Why do we find ourselves having an unhealthy relationship with disappointment? We do everything we can to avoid feeling it. We work hard to protect our children from it, and we don’t want others feeling it about us, or anything we are part of. Why is it that we avoid this experience? What I’ve learned through my inner work and the inner work of my clients, is that when we were young, many of us were taught to be ‘grateful for what we have’ – especially when we were expressing our dislike about what was in front of us.
This still happens around the dinner table in homes around the world when a child doesn’t want to eat what is on their plate. As parents, we look for any motivation we can find to get them to eat, even shaming them by comparing them to others that don’t have enough. Unfortunately, this encourages the child to bypass their feelings of disappointment. Instead of allowing our children to be disappointed with what’s in front of them and encouraging them to feel their feelings without our judgment, we tell them that they shouldn’t feel that way – they should feel grateful instead. This is a very disruptive and confusing concept to a young person. It teaches them not to trust, honor or express what is happening to them on the inside. It also teaches them that disappointment is not an option. ‘You are not to be disappointed, and if you are, then you are disappointing your caretakers/family/us’. You are compared to others and if they have less, you should not be disappointed with what you have. We are merged into what others want or have and it twists up our ideas of who is responsible for what. We have covered, hidden, and tucked disappointment away as if it doesn’t have a right to be here.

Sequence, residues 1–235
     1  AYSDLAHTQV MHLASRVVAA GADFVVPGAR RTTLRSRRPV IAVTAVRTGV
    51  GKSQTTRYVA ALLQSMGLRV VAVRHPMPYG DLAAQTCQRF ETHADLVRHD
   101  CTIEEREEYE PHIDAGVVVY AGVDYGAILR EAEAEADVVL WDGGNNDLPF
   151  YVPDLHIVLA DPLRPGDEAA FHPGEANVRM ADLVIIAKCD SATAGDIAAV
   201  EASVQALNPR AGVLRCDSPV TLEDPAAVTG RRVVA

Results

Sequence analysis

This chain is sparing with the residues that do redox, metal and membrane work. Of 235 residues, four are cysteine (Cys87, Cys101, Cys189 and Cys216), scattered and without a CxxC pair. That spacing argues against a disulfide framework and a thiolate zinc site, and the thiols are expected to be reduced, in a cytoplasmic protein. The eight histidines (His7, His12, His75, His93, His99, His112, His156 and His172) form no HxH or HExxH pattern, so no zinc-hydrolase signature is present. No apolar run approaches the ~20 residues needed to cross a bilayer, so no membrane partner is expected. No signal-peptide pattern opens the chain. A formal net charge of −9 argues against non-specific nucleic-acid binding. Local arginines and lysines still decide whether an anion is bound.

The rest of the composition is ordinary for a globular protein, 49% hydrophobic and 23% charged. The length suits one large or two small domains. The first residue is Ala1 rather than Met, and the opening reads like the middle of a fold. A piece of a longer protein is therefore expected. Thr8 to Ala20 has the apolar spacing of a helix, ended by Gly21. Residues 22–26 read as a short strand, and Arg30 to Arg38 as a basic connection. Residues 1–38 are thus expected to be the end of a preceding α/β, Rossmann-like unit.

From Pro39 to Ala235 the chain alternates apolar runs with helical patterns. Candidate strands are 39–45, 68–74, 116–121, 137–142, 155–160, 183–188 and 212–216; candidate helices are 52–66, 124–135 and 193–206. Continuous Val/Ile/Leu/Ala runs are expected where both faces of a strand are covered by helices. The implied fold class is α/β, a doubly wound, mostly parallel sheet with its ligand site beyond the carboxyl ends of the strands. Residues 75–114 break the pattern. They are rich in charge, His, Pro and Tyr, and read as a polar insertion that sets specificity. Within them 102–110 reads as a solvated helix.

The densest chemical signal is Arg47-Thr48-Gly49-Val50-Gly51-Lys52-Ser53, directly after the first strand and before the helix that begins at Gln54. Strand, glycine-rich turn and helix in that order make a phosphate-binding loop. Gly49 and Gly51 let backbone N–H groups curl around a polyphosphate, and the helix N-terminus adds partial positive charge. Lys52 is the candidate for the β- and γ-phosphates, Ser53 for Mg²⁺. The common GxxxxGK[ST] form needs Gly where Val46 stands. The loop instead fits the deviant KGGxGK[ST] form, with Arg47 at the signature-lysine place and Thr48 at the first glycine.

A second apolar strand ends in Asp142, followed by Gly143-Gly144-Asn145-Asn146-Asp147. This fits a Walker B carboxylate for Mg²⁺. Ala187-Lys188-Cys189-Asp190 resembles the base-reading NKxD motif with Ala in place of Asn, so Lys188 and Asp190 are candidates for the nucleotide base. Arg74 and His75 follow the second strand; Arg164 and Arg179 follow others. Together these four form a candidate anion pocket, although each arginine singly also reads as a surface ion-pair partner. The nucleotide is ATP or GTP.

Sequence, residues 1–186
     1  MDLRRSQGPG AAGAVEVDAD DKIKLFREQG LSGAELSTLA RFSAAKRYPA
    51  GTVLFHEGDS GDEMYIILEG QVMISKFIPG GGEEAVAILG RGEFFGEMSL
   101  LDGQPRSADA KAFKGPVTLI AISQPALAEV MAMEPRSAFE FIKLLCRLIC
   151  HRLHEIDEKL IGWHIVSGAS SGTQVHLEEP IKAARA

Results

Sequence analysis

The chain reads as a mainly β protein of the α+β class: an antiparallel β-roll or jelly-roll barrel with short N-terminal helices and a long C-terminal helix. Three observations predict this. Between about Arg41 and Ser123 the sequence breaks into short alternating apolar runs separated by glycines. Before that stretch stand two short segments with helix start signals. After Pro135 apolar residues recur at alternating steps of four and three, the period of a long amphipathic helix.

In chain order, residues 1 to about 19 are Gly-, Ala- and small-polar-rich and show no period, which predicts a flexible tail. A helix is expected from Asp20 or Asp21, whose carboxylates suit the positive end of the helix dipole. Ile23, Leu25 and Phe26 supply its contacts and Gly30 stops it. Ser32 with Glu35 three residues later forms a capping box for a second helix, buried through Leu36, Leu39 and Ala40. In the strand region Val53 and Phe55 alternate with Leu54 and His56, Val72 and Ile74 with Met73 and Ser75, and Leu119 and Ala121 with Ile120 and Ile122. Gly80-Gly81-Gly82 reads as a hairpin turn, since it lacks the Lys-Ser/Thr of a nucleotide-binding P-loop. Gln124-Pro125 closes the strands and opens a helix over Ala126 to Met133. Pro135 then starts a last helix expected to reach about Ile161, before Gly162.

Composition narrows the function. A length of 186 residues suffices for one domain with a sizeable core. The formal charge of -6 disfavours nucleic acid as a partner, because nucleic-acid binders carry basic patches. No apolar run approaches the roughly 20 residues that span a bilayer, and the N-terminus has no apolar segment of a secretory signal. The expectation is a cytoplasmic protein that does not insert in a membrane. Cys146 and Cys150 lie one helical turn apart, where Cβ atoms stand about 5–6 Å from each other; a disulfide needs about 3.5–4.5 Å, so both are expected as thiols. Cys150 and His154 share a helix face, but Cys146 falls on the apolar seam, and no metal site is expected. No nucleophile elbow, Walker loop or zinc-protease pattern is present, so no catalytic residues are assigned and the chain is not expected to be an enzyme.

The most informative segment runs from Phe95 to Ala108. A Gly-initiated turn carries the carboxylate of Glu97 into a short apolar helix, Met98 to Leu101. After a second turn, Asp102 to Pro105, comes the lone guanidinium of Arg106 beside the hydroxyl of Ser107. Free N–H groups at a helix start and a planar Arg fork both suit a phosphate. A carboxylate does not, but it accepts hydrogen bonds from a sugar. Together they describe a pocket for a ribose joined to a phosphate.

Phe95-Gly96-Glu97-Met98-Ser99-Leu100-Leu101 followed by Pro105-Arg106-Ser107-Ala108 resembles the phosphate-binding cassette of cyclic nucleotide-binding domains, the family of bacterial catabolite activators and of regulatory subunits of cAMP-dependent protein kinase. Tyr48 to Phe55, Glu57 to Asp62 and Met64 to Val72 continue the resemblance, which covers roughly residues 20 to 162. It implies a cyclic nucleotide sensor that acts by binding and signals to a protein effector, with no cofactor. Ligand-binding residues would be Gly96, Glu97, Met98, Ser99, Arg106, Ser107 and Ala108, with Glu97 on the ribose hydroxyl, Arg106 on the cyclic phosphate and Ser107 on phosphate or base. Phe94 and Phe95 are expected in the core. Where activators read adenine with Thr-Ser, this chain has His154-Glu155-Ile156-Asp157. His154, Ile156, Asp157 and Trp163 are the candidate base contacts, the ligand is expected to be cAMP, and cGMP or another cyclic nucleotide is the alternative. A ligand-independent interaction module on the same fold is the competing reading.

Disappointment is a critical messaging system that we need back online. When disappointment arises, we are recognizing a gap between our expectations and what we are experiencing. If we don’t explore how we created that gap, we can’t change the pattern for ourselves and we end up staying stuck.
If we were taught not to feel/experience/express disappointment, then it may come out through some dysfunctional behaviors. One way it can show up is in feeling frustrated all of the time about those you are depending on. One of my clients was hugely frustrated with the leadership in her organization but was unable to acknowledge it directly. Instead, she complained about those leaders to anyone who would listen while feeling like her disappointment didn’t matter since she never expected it to change. This led to her performance decline and eventual departure from the company.
Another man I worked with had been taught that disappointment must be avoided at all costs. As a result, he said yes to work that he and his team didn’t have the resources to handle. He also worked hard to fix everyone else’s problems so they wouldn’t have to be disappointed which led to more stress on his team. Once he was able to recognize and express his disappointment in direct and neutral ways, his need to fix everyone else’s problems disappeared. He now allows disappointment to give him its message that he is not getting something he wanted or expected. NOW he can uncover any hidden expectations he may have had and bring them out into the open, adjust them, or renegotiate them so they work for him. Instead of avoiding disappointment, he lets it alert him to when he is not getting something he wants or he’s getting something he doesn’t want.
How will you stop avoiding disappointment today?